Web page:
In this spotlight profile, we are speaking to Jacky T.K. Lai, a mediator and barrister at IceHouse Chambers in Hong Kong. Jacky is a mediator and mediation advocate with experience in over 850 cases that includes disputes involving children and finances. Jacky has also utilized his expertise as a mediator to train others in the field (as Trainer with Hong Kong International Arbitration Centre (HKIAC), Training Qualifications UK (TQUK)/The Office of Qualifications and Examinations Regulation (Ofqual) and Hong Kong Professional Mediation Association (HKPMA), and as Coach with many other institutions).
Jacky, thank you for taking the time to speak with us today.
Can you tell us a little bit about your background and training?
I am a barrister called to the Bar in June 2007, mediator, arbitrator and lecturer on mediation and negotiation topics for universities and mediation institutions. I like to mediate on various sorts of cases including matrimonial matters. I find resolving conflicts through interest-based negotiations very satisfying, and I am grateful for the trust that I receive from the parties and learned friends.
I received my general mediation training in 2008 from the Accord Group in liaison with HKUSPACE, and my matrimonial mediation training in 2010 from Hong Kong Catholic Marriage Advisory Council (CMAC).
You have considerable expertise in your role as a mediator and as a mediation advocate. First, can you tell us why you advocate mediation first in any legal dispute?
Parties usually have too much information but lack of insight. With their entrenched long-time hatred towards one-another they become too emotionally entangled and entwined into an “Avenger” mentality, thereby losing sight of other dimensions and bigger goals in their lives. They often get tunnel-vision. Mediation gives them an opportunity to zoom-out and to hear from each other. Once communication starts, then understanding at a deeper level can commence. Of course, the parties may still choose not to settle, yet it is ensured that it is an informed decision, and not because of a lack of communication nor mutual understanding.
You have worked in numerous mediations and in various disputes not only matrimonial disputes. Is there a common theme that you notice in all your mediations that results in a successful mediation? Is compromise the key element to a successful mediation?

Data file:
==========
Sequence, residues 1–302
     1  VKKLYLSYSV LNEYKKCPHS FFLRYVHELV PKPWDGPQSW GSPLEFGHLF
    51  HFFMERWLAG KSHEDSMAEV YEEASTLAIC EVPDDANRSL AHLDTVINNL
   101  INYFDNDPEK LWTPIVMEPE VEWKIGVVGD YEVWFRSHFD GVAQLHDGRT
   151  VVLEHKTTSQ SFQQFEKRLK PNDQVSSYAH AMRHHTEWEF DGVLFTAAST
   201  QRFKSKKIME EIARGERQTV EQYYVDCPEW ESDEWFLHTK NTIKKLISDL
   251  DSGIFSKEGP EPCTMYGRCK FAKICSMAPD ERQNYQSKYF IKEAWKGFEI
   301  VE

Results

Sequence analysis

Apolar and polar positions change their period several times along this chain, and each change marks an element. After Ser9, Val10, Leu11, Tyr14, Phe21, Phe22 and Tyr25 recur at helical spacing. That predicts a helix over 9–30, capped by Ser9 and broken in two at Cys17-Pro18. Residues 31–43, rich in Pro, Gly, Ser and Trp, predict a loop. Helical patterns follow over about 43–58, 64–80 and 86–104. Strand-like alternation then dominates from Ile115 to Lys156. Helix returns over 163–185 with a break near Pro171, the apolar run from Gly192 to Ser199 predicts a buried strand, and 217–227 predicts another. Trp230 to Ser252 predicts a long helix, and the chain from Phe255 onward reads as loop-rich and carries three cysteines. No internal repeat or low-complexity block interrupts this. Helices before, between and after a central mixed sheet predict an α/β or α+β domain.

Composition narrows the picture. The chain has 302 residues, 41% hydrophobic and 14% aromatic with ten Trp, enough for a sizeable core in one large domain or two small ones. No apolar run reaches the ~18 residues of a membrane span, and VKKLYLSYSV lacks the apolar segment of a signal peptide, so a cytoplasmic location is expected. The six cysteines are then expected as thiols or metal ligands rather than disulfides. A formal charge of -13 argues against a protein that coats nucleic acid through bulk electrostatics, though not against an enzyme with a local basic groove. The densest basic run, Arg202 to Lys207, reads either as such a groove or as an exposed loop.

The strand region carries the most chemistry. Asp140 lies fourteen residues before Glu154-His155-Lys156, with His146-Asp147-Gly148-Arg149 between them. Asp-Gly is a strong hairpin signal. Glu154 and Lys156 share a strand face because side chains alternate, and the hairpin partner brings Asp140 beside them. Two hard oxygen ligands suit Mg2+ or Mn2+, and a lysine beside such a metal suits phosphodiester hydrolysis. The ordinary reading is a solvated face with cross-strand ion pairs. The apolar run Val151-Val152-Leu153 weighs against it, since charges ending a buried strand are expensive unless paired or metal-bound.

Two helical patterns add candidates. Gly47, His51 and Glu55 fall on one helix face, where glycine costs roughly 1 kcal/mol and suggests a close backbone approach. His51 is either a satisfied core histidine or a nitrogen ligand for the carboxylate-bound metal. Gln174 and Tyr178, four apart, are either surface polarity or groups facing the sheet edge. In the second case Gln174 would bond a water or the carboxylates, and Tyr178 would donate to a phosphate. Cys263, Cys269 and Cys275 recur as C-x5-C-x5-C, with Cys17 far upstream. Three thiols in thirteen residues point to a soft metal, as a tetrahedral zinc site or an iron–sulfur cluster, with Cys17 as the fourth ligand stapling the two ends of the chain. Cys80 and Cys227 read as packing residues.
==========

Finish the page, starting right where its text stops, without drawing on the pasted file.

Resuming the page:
The common themes are: broader outlook on the disputes, new dimensions and new observations on life and the issues, a more realistic and a more objective assessment of the law, the facts and the evidence, as well as the perspectives of the opponents. Sometimes, they just need a platform, a facilitator, a face-saving setting to settle the case. We mediators are the catalyst in the sessions.
Compromise is NOT a key element to a successful mediation. Compromise is only a minimalist approach towards settlement.
What works in mediation is: Collaboration. Understanding. Communication. Objectivity. Positivity. Rethinking.
What can couples do to prepare for a successful mediation?
Have a pre-mediation meeting with a good mediator accompanied by their solicitor/counsel and supported by a trusted and beloved one. The pros and cons, the costs and benefits and the strategy and tactics, are all re-examined thoroughly, in a safe environment, and the couples are empowered to make decisions. Of course, trust and rapport are being built throughout the process, and the trauma, pains, suffering and fears are being acknowledged and addressed as well. If the wound is not healed, at least antiseptic is applied and a bandage is attached to it. Active listening and empathy are the key elements.
Through your experience, you have come across mediations where a resolution is simply unattainable. In your matrimonial mediations, what has been the key element of an unsuccessful mediation?
Inadequate insight, mutual understanding, active listening, rethinking, new dimensions or outlook of everything else are common themes. Tunnel-vision and inadequate wisdom and courage to walk a new path, objectivity, positivity are also common themes. Many times, the root is insufficient love towards themselves and the children.
In a nutshell, what is lacking is the absence of the essential elements of interested-based negotiations.